by Janine Manning
I’ll never forget the moment I pressed ‘send’ on the #IdleNoMoreYorkU invite; my finger hovered in the air, reluctant, needing a minute to allow the movement’s importance to force my hand. Had I known then the security hassles the event would attract, my finger probably would have gone limp and a wonderful opportunity, lost.
Idle No More went national on December 10th, shortly after winter break started, making it challenging to organize an event on behalf of the Aboriginal Students’ Association at York given that most people were out of town or ‘out of office’. However, once I pressed send, I gave #IdleNoMoreYorkU to the world, and I felt compelled to nurture it into the force of unity it came to be.
In the weeks leading up to the event I watched the invite list grow from a few dozen to a few thousand, my anxiety and excitement increasing just as rapidly. As challenging as it was to arrange the event during winter break, I managed to get everything accomplished on-line, proving the movement’s social media and technology dependency. I couldn’t help but think ‘these are my smoke signals’ as I typed furiously, an internet warrior, rallying allies, preparing our union; students, professors, children and elders coming together to teach each other and learn from one another.
What I was not prepared for was the overwhelming invitations from the university community to act as an unofficial spokes person for Idle No More, in wondering ‘why me’ I was humbled by the Idle No More mission statement of unity and realized ‘not me…US’. The one question I was asked repeatedly, “Why York U?” And the answer would be the same for any academic institution; because this is where the future leaders and budding citizens are held, the future policy makers and the generation who must to live with the legacy of the current government’s decisions.
Universities tend to operate in vacuums, our courses dated, our off campus interactions limited. Students are offered a false sense of security to explore ideas, opinions and politics as students and academic without the threat of “real world” scrutiny. In bringing Idle No More to York U, we took advantage of that security, two folds; we raised awareness and recruited allies in their comfort zone while dismantling the stigma grassroots movements often face as being isolated and unacademic. Grassroots movements are expected to stay where they start, on the ground, but the success of a grassroots movement is in its ability to impregnate the mainstream, its institutions and to eventually force change from the “top”. Injecting our places of higher learning with current and” real world” politics is essential to any grassroots movement and effective student leaders should heed the challenge to do so where their institutions fail too.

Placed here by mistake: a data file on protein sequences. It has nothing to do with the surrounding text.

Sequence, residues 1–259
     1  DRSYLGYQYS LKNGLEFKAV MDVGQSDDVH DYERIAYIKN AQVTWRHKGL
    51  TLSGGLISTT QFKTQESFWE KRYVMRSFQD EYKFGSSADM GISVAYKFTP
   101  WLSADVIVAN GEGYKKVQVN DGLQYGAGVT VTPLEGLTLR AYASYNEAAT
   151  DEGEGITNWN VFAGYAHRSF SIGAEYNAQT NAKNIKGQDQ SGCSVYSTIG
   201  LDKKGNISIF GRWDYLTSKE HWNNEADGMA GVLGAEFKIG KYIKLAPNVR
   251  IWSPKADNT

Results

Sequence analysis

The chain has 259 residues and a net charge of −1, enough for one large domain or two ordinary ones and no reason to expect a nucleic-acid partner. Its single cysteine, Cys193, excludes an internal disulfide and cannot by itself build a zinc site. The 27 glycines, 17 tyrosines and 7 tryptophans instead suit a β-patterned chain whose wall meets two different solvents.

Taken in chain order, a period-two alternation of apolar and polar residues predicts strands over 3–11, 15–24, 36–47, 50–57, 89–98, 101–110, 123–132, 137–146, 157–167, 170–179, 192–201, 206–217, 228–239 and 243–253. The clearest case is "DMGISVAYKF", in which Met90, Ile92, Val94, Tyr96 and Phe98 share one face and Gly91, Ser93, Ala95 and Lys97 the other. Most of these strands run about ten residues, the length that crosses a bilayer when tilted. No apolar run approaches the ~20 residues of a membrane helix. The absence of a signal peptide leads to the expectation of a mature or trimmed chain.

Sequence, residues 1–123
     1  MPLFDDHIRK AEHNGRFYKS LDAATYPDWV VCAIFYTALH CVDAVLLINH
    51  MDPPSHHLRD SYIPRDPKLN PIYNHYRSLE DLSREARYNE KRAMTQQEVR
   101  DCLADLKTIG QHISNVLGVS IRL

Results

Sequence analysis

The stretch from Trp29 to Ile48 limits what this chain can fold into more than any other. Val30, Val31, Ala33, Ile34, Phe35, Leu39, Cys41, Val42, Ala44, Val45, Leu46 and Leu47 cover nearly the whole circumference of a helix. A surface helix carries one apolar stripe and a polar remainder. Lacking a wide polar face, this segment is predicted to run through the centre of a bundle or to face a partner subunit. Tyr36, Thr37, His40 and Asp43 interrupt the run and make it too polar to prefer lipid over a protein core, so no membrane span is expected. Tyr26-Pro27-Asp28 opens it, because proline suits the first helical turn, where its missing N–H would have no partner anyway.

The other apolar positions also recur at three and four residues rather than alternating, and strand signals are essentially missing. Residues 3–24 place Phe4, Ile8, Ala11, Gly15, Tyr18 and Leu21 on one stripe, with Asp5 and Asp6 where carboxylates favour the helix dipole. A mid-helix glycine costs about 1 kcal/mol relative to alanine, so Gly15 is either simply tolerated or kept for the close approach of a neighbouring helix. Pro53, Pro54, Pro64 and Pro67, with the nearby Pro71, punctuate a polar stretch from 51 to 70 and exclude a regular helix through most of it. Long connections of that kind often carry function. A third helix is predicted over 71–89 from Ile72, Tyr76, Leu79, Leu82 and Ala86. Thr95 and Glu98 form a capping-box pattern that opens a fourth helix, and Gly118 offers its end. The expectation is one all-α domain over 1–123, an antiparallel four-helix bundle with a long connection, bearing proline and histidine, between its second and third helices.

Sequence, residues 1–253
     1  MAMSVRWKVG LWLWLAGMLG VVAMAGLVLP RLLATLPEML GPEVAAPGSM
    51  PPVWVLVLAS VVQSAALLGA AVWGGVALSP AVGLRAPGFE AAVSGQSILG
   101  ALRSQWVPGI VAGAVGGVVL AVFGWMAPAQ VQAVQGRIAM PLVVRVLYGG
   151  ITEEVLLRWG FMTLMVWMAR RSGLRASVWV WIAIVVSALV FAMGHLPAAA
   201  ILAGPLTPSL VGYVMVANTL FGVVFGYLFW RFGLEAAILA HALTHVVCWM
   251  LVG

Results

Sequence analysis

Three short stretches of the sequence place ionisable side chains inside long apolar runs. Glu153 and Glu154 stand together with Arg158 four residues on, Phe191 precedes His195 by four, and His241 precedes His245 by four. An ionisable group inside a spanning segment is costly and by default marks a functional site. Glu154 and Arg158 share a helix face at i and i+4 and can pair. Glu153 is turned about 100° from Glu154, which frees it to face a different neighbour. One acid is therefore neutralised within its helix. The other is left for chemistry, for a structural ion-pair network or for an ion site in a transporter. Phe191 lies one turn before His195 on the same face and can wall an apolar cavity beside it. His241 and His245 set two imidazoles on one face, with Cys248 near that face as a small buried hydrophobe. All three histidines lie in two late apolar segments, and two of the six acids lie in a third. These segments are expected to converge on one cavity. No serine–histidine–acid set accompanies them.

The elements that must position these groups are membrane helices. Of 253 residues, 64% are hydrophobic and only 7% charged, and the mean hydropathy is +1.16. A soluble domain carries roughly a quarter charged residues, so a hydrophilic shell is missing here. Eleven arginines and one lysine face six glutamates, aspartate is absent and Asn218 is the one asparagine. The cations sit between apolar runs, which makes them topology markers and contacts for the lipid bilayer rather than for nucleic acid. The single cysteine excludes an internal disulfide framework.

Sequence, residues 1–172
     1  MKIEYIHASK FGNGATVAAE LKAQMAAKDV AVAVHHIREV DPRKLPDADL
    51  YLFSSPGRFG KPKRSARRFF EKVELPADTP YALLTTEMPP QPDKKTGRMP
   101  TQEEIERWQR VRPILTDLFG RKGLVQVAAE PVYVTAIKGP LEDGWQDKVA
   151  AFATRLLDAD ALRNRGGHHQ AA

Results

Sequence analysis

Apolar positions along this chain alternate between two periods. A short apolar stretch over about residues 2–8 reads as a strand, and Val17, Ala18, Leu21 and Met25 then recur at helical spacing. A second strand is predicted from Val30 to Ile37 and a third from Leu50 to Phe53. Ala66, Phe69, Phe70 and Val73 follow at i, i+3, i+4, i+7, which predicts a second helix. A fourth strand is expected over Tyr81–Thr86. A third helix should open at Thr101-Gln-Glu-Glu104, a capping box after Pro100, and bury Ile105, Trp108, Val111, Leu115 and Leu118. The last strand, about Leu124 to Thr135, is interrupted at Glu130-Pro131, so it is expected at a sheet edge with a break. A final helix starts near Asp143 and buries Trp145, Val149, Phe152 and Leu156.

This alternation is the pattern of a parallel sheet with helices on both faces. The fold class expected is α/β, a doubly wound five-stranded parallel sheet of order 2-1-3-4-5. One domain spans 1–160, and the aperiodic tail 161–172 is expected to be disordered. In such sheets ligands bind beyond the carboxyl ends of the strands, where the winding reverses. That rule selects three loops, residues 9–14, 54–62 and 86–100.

Our round dance attracted approximately 300 people, and the teach-in that followed was standing room only after we filled it with about 140 people despite capacity for 90. Professors brought their students, and our panelists, Professors Robin Cavanagh (Anishnawbe Nation) and Professor Anna Zalik (Settler Ally) of the Faculty of Environmental Studies delivered a balanced presentation about the environmental implications of Bill C45 and the need to unlearn and relearn our collective history to return to the nation to nation relationship that Canada grew from.
The numerous campus radio interviews I delivered and the campus newspaper headliner, “Idle No More Comes to York”, furthered our effort’s reach. Given that these outlets rarely report on issues that do not relate to campus life, without bringing Idle No More to York U, this would have been lost opportunities to spread the words and work of the movement to this community.
Idle No More is a people’s movement and the revolution is no longer a whisper. I found my opportunity to add to the conversation through student governance and in the process learned that there is no room for fear and discomfort when justice is the objective. This is our time and we can keep our movement strong with individual, daily acts of resurgence and resistance.
Janine Manning, whose spirit name is Osh Kwe Ah Nung is a member of the Anishnawbe Nation from Neyaashiinigmiing. She is the current President of the Aboriginal Students’ Association at York and the mother of 3 year old Tarquinius, her inner child’s best friend. Janine graduates this spring from York University with an Honours BA in Environmental Studies and will be starting law school in the fall.